The most innovative people in the world of small business go one-on-one each week with marketing expert Tim Reid. In this award winning podcast; business owners share where their original business idea came from, how they got it to market and the strategies they used that led to their business’s unprecedented growth. Host Timbo Reid’s curiosity for what makes business owners tick and his passion for small business success means that every episode is chock full of marketing gold that will hel ...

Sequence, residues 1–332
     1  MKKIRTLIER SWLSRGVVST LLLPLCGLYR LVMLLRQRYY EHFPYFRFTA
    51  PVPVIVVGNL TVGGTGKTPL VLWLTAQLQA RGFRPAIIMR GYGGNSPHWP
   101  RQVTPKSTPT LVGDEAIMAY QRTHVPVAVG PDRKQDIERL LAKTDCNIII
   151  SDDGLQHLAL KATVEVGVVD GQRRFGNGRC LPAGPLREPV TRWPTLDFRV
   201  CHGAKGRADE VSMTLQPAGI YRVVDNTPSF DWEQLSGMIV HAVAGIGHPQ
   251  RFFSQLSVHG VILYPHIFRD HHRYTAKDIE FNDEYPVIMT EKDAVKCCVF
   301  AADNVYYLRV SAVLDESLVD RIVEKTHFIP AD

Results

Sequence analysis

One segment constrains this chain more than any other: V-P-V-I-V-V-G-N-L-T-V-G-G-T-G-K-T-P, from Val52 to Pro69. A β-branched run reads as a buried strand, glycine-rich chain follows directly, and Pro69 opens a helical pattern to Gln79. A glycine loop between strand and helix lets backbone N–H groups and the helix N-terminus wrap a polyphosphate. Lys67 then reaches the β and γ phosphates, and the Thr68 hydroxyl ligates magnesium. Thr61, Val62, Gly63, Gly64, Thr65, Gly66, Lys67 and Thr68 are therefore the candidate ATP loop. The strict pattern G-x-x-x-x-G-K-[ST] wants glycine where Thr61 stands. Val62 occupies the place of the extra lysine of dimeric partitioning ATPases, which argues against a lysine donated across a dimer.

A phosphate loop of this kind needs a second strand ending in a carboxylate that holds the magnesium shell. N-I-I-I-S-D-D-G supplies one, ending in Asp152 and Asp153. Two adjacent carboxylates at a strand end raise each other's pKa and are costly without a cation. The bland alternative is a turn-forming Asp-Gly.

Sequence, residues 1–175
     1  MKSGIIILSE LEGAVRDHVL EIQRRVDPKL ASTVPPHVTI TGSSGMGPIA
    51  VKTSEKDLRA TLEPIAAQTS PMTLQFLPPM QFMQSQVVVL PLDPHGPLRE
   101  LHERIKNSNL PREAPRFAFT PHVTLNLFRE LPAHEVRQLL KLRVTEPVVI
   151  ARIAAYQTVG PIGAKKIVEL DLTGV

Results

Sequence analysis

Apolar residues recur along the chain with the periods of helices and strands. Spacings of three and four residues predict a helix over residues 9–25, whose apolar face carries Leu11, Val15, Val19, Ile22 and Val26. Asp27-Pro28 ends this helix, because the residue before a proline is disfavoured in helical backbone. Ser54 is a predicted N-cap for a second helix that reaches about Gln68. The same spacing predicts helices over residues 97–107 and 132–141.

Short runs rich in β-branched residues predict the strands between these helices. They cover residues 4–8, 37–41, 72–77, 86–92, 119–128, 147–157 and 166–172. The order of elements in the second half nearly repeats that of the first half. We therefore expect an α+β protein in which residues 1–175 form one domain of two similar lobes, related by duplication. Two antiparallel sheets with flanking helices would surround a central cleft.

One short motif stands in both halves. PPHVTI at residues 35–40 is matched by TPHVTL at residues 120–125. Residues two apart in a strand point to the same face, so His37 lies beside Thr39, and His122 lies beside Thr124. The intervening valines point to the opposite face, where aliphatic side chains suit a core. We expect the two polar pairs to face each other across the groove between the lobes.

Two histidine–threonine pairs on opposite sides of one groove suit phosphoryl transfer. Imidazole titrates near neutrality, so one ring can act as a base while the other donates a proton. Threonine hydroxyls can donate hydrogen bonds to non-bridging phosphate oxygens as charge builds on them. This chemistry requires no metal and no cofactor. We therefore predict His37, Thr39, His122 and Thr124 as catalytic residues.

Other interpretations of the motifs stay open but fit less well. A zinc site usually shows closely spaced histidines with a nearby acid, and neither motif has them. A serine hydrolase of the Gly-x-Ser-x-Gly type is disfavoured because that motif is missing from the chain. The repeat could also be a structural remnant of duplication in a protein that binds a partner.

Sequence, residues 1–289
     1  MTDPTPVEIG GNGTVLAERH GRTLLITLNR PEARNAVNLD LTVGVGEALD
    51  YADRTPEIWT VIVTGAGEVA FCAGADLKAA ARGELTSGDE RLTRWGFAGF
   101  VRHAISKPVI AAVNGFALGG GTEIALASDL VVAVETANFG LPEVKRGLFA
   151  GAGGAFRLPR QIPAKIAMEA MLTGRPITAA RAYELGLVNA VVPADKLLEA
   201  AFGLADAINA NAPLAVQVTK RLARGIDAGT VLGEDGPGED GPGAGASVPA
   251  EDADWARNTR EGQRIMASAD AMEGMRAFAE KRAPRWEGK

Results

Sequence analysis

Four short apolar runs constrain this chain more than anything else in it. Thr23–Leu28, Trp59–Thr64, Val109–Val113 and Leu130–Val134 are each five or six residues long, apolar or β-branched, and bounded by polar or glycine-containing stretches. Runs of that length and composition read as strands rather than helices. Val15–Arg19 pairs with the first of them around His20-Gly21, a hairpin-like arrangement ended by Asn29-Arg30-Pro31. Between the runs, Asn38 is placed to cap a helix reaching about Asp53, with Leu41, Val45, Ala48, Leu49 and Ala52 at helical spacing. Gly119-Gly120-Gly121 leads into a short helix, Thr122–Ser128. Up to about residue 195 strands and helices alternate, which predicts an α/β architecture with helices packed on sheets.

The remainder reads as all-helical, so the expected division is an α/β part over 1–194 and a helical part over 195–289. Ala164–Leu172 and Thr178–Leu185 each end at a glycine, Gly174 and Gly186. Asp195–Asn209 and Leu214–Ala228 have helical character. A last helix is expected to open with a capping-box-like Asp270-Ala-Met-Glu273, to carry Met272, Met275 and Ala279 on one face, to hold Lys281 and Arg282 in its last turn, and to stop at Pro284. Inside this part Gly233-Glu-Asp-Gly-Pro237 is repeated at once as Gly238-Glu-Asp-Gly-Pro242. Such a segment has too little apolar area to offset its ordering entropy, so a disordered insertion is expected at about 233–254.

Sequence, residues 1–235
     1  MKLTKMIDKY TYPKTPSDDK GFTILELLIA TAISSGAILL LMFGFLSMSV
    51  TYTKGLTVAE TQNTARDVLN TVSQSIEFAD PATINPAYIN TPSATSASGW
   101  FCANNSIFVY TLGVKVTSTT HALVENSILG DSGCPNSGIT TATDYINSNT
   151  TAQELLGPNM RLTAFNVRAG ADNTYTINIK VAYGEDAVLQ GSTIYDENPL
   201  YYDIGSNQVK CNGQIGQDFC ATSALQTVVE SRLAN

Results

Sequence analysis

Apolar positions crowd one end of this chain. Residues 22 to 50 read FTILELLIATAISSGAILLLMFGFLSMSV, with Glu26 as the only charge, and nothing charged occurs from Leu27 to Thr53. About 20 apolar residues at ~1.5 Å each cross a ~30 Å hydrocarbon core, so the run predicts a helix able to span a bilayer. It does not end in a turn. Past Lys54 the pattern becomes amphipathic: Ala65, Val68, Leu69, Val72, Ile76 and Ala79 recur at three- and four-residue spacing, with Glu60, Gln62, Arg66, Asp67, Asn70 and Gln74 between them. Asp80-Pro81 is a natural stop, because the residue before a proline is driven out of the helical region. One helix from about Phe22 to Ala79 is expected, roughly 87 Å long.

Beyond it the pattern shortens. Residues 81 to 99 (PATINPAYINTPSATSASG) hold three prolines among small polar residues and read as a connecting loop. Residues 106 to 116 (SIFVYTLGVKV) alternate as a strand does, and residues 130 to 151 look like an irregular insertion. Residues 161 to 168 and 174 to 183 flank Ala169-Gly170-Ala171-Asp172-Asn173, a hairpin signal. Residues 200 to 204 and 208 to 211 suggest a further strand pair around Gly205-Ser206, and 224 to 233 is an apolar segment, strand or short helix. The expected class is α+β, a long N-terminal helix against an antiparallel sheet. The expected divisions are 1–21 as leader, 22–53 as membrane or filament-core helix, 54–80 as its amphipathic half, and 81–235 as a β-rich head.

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People usually assume that silence during a negotiation is an intimidation tactic, but new research shows it can actually lead to more collaborative outcomes. Melbourne Business School Associate Professor of Management Jennifer Overbeck and MIT Sloan Gordon Kaufman Professor of Management Jared Curhan spoke with Yasmin Rupesinghe about their findings on the latest episode of the Melbourne Business School Podcast. "When you ask people, 'what's your intuition about what happens when someone goes silent in a negotiation', they report that they think the other person is trying to get into my head, they're trying to wear me down, to play mind games with me," says Associate Professor Overbeck. "So, almost certainly what would happen if somebody went silent in a negotiation is that the other person would get freaked out and give away a lot of the value in that negotiation. "Instead, we've done at this point quite a few studies, and repeatedly what we have found is that silence seems to provide the negotiator an opportunity to pause and to sort of tamp down the heat of competition in the negotiation, and just take a little bit of mental space that allows the opportunity for collaboration to move to the fore."